Diaper Bank Possible With Health Fund
The New Haven Diaper Bank now reaches hundreds of children and has plans to expand, thanks to a multi-year grant from the Josephine Burgess Fund, established in 1981 for treatment and prevention of disease.
- When moms can't afford $100+/month diaper bill the compromises bring disease and possibly abuse
- Bank soon will diaper ten times more, thanks to a donor who set up a health preference fund
For families with small incomes, disposable diapers are a necessity they can't live without. They must buy them. Licensed day care centers require parents to provide disposable diapers, even if those parents qualify for free or subsidized childcare. The cost? More than $100 per month per child is common. It makes for tough choices. And sometimes poor decisions, like leaving a child too long in a soiled diaper in an effort to stretch out the diaper supply. The child understandably cries. The frustrated parent can lash out at the child.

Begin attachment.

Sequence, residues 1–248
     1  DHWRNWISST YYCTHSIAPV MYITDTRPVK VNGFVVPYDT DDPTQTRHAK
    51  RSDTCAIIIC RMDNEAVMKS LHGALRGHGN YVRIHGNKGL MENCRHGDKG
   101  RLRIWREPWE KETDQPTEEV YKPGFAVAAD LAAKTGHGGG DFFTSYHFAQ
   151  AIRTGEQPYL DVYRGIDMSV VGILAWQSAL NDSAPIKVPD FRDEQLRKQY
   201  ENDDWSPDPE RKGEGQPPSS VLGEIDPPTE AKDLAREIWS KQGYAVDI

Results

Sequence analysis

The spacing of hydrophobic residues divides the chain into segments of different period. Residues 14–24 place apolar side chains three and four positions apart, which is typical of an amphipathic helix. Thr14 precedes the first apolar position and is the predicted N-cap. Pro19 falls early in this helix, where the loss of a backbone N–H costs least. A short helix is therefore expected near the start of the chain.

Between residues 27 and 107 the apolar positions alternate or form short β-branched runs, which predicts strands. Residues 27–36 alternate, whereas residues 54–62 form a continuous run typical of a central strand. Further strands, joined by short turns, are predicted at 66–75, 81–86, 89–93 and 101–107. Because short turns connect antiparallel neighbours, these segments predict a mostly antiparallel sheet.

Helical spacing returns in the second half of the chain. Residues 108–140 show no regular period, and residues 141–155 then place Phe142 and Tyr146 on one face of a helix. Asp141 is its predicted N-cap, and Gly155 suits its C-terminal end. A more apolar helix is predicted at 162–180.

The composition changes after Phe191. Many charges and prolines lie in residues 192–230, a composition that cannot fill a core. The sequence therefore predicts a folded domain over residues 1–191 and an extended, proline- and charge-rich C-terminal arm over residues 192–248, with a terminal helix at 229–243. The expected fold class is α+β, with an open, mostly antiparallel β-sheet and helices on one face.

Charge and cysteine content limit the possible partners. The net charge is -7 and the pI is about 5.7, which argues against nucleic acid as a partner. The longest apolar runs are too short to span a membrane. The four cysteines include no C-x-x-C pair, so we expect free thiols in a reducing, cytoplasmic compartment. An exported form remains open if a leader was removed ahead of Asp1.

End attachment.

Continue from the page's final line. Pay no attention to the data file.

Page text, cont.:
"The reality is that it's about preventing unnecessary health complications, like staph or hepatitis, and reducing the risk of abuse for underprivileged kids," says Joanne Goldblum, Executive Director of the New Haven Diaper Bank.
The Diaper Bank hopes to take that problem off the table by distributing free diapers to qualified New Haven families. More than a thousand do. The Diaper Bank now reaches hundreds of children and has plans to expand, thanks to a multi-year grant from the Josephine Burgess Fund, established in 1981 for treatment and prevention of disease.
You can support health supporting causes like the Diaper Bank through a permanent endowment. To learn more, please contact Sharon Cappetta at 203-777-7071.